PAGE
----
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The Crab Nebula in Taurus
Crab Nebula, Messier 1, NGC 1952, Taurus A, Sharpless 244
Description: Supernova Remnant
Position (J2000): RA 05hr 34m 31.96s Dec 22° 0' 51.38"
Visual magnitude: 8.4
Apparent dimensions: 420 × 290 arc-seconds
Distance: 6000 light years
Field of view: 6.82 x 6.86 arcminutes
Orientation: North is 0.1° right of vertical
Image Credit: ESO
Release date: November 17, 1999
Other images: S9948eo S0504sp S0537a S0537b S0909sp
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ABOUT THIS IMAGE:
In this picture, the green light is predominantly produced by hydrogen emission from material ejected by the star that exploded. The blue light is predominantly emitted by very high-energy ("relativistic") electrons that spiral in a large-scale magnetic field (so-called synchrotron emission). It is believed that these electrons are continuously accelerated and ejected by the rapidly spinning neutron star at the center of the nebula and which is the remnant core of the exploded star. This pulsar has been identified with the lower/right of the two close stars near the geometric center of the nebula, immediately left of the small arc-like feature.
Technical information: This image is a composite of three images taken through three different optical filters: B (429 nm; FWHM 88 nm; 5 min; here rendered as blue), R (657 nm; FWHM 150 nm; 1 min; green) and S II (673 nm; FWHM 6 nm; 5 min; red) during periods of 0.65 arcsec (R, S II) and 0.80 (B) seeing, respectively. The field shown measures 6.8 x 6.8 arcminutes and the images were recorded in frames of 2048 x 2048 pixels, each measuring 0.2 arcseconds. North is up; East is left.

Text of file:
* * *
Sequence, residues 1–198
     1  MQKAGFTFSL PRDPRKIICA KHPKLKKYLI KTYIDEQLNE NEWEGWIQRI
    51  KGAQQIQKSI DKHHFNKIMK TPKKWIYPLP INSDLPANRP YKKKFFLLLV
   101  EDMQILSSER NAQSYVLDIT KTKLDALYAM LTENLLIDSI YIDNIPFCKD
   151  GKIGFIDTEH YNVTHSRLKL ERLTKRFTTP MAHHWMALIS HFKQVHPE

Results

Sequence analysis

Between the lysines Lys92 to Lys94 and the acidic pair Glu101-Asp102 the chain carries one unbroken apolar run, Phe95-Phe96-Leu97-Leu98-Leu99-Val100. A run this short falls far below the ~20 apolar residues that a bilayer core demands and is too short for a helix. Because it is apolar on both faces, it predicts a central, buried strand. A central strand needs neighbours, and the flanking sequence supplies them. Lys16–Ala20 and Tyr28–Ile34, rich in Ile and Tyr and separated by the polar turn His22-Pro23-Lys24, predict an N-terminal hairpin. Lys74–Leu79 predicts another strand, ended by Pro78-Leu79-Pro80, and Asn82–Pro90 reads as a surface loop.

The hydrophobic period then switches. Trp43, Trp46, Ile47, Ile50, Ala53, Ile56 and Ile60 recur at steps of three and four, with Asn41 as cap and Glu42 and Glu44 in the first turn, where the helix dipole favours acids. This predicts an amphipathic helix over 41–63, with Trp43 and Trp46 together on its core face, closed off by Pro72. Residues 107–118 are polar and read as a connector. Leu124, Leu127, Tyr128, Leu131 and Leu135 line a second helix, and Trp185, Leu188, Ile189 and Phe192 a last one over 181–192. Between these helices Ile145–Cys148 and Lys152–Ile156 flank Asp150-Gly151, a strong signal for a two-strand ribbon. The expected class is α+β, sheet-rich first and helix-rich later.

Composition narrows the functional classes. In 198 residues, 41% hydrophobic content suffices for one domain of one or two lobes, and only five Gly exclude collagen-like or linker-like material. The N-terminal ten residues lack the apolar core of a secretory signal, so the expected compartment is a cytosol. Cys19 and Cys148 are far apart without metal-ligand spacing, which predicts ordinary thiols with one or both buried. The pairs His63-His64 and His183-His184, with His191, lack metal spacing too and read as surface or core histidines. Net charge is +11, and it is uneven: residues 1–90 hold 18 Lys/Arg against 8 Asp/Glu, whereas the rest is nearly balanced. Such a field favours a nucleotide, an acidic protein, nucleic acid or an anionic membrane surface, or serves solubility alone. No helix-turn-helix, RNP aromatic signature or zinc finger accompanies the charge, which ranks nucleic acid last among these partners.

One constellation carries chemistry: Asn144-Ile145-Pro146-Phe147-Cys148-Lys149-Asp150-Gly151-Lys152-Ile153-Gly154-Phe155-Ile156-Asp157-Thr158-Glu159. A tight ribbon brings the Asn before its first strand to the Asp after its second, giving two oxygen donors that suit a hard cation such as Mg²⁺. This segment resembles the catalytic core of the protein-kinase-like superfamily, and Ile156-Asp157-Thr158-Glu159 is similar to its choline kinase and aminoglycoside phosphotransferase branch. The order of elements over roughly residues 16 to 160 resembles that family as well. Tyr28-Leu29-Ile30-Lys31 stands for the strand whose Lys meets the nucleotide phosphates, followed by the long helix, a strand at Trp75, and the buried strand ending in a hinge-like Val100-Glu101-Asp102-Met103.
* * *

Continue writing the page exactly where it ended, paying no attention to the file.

The Crab Nebula (catalogue designations M1, NGC 1952, Taurus A) is a supernova remnant and pulsar wind nebula in the constellation of Taurus. Corresponding to a bright supernova recorded by Chinese astronomers in 1054, the nebula was observed later by English astronomer John Bevis in 1731. At an apparent magnitude of 8.4, comparable to that of the largest moon of Saturn, it is not visible to the naked eye but can be made out using binoculars under favourable conditions.
At X-ray and gamma ray energies above 30 keV, the Crab is generally the strongest persistent source in the sky, with measured flux extending to above 10 TeV. Located at a distance of about 6,500 light-years (2 kpc) from Earth, the nebula has a diameter of 11 light years (3.4 pc, corresponding to an apparent diameter of some 7 arc minutes) and expands at a rate of about 1,500 kilometers per second (0.5% c). It is part of the Perseus Arm of the Milky Way galaxy.
At the center of the nebula lies the Crab Pulsar, a neutron star 2830 km across with a spin rate of 30.2 times per second, which emits pulses of radiation from gamma rays to radio waves. The nebula was the first astronomical object identified with a historical supernova explosion.
The nebula acts as a source of radiation for studying celestial bodies that occult it. In the 1950s and 1960s, the Sun's corona was mapped from observations of the Crab's radio waves passing through it, and in 2003, the thickness of the atmosphere of Saturn's moon Titan was measured as it blocked out X-rays from the nebula.
Modern understanding that the Crab Nebula was created by a supernova dates to 1921, when Carl Otto Lampland announced he had seen changes in the structure of the Crab Nebula. This eventually led to the nebula being linked to a bright supernova seen in 1054 A.D. by the 1940s
The creation of the Crab Nebula corresponds to the bright SN 1054 supernova recorded by Chinese astronomers in AD 1054
The Crab Nebula was first identified in 1731 by John Bevis. The nebula was independently rediscovered in 1758 by Charles Messier as he was observing a bright comet. Messier catalogued it as the first entry in his catalogue of comet-like objects.